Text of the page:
Monday, February 11, 2019

Haskell command-line utility using GHC generics


Today, Justin Woo wrote a post about writing a simple Haskell command-line utility with minimal dependencies. The utility is a small wrapper around the nix-prefetch-git command.

In the post he called out people who recommend overly complex solutions on Twitter:

Nowadays if you read about Haskell on Twitter, you will quickly find that everyone is constantly screaming about some “advanced” techniques and trying to flex on each other

However, I hope to show that we can simplify his original solution by taking advantage of just one feature: Haskell’s support for generating code from data-type definitions. My aim is to convince you that this Haskell feature improves code clarity without increasing the difficulty. If anything, I consider this version less difficult both to read and write.

Without much ado, here is my solution to the same problem (official Twitter edition):

{-# LANGUAGE DeriveAnyClass        #-}
{-# LANGUAGE DeriveGeneric         #-}
{-# LANGUAGE DuplicateRecordFields #-}
{-# LANGUAGE OverloadedStrings     #-}
{-# LANGUAGE RecordWildCards       #-}

import Data.Aeson (FromJSON, ToJSON)
import Data.Text (Text)
import Options.Generic (Generic, ParseRecord)

import qualified Data.Aeson
import qualified Data.ByteString.Lazy
import qualified Data.Text.Encoding
import qualified Data.Text.IO
import qualified Options.Generic
import qualified Turtle

data Options = Options
    { branch   :: Bool
    , fetchgit :: Bool
    , hashOnly :: Bool
    , owner    :: Text
    , repo     :: Text
    , rev      :: Maybe Text
    } deriving (Generic, ParseRecord)

data NixPrefetchGitOutput = NixPrefetchGitOutput
    { url             :: Text
    , rev             :: Text
    , date            :: Text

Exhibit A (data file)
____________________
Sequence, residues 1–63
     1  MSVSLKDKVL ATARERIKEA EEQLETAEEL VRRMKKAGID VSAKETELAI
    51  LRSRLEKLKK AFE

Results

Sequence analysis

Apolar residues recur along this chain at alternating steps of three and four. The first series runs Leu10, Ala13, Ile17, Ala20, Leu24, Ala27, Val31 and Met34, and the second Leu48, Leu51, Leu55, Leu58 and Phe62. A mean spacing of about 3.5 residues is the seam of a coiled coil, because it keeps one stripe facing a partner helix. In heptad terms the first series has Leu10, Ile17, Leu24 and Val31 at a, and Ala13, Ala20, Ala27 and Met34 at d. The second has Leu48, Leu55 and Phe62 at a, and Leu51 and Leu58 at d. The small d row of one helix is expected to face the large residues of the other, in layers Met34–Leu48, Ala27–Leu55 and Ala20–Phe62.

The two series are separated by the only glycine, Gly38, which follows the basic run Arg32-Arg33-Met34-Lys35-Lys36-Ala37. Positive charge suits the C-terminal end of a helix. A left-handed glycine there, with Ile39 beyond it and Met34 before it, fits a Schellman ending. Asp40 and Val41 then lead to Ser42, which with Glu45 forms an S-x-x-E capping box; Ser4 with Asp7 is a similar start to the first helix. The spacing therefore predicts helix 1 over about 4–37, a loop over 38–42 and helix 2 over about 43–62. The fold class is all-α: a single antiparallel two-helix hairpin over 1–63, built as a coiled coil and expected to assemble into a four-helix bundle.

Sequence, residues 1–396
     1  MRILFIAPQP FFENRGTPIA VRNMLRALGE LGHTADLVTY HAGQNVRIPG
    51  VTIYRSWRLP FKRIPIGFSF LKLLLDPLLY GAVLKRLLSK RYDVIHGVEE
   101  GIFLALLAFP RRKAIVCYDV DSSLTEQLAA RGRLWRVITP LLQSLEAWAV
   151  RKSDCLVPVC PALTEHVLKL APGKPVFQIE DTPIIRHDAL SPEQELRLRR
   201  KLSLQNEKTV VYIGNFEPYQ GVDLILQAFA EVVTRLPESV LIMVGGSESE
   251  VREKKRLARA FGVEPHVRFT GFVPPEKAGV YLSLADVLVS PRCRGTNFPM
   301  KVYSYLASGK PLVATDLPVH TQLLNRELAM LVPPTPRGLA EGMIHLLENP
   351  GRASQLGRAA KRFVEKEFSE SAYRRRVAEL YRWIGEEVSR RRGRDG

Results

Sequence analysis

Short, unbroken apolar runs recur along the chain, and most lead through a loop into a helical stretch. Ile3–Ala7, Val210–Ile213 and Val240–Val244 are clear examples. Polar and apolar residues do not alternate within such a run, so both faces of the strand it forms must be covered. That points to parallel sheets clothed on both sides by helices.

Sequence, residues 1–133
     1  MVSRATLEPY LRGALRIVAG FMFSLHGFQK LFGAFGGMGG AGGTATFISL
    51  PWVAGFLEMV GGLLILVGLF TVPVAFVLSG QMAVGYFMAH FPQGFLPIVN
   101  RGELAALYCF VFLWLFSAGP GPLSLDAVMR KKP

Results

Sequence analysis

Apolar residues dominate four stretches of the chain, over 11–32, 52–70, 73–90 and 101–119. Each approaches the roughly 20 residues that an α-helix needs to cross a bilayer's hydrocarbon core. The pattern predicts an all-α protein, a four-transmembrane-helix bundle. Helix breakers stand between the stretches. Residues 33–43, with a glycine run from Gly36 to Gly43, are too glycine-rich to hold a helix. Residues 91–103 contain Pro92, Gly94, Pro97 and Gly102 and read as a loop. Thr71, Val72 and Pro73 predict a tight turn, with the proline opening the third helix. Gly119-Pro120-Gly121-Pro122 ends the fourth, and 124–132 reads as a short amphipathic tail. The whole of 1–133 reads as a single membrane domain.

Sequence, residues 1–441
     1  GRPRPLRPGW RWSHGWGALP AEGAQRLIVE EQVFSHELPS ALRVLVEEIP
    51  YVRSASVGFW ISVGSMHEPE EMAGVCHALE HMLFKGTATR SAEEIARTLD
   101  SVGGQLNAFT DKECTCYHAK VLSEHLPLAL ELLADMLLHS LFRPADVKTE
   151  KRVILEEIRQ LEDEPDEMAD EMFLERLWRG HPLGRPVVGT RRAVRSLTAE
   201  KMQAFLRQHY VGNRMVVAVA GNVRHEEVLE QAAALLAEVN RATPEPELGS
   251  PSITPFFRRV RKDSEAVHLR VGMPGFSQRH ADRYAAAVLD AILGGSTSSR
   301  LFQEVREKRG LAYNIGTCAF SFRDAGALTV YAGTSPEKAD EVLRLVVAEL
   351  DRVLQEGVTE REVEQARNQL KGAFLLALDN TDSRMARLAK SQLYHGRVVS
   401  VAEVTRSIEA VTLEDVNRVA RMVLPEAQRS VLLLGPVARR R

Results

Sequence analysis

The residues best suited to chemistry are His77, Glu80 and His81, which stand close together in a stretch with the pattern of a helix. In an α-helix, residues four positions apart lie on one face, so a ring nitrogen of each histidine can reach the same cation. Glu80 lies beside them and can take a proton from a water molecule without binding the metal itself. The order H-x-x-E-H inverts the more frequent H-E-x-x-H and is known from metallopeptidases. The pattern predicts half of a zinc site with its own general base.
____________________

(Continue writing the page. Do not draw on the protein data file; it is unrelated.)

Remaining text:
, sha256          :: Text
    , fetchSubmodules :: Bool
    } deriving (Generic, FromJSON)

data GitTemplate = GitTemplate
    { url    :: Text
    , sha256 :: Text
    } deriving (Generic, ToJSON)

data GitHubTemplate = GitHubTemplate
    { owner  :: Text
    , repo   :: Text
    , rev    :: Text
    , sha256 :: Text
    } deriving (Generic, ToJSON)

main :: IO ()
main = do
    Options {..} <- Options.Generic.getRecord "Wrapper around nix-prefetch-git"

    let revisionFlag = case (rev, branch) of
            (Just r , True ) -> "--rev origin/" <> r
            (Just r , False) -> "--rev " <> r
            (Nothing, _    ) -> ""

    let url = "" <> owner <> "/" <> repo <> ".git/"

    let command =
            "GIT_TERMINAL_PROMPT=0 nix-prefetch-git " <> url <> " --quiet " <> revisionFlag

    text <- Turtle.strict (Turtle.inshell command Turtle.empty)

    let bytes = Data.Text.Encoding.encodeUtf8 text

    NixPrefetchGitOutput {..} <- case Data.Aeson.eitherDecodeStrict bytes of
        Left  string -> fail string
        Right result -> return result

    if hashOnly
    then Data.Text.IO.putStrLn sha256
    else if fetchgit
    then Data.ByteString.Lazy.putStr (Data.Aeson.encode (GitTemplate {..}))
    else Data.ByteString.Lazy.putStr (Data.Aeson.encode (GitHubTemplate {..}))

This solution takes advantage of two libraries:

  • optparse-generic

    This is a library I authored which auto-generates a command-line interface (i.e. argument parser) from a Haskell datatype definition.

  • aeson

    This is a library that generates JSON encoders/decoders from Haskell datatype definitions.

Both libraries take advantage of GHC’s support for generating code statically from datatype definitions. This support is known as “GHC generics”. While a bit tricky for a library author to support, it’s very easy for a library user to consume.

All a user has to do is enable two extensions:

… and then they can auto-generate an instance for any typeclass that implements GHC generics support by adding a line like this to the end of their data type:

You can see that in the above example, replacing SomeTypeClass with FromJSON, ToJSON, and ParseRecord.

And that’s it. There’s really not much more to it than that. The result is significantly shorter than the original example (which still omitted quite a bit of code) and (in my opinion) easier to follow because actual program logic isn’t diluted by superficial encoding/decoding concerns.

I will note that the original solution only requires using libraries that are provided as part of a default GHC installation. However, given that the example is a wrapper around nix-prefetch-git then that implies that the user already has Nix installed, so they can obtain the necessary libraries by running this command:

… which is one of the reasons I like to use Nix.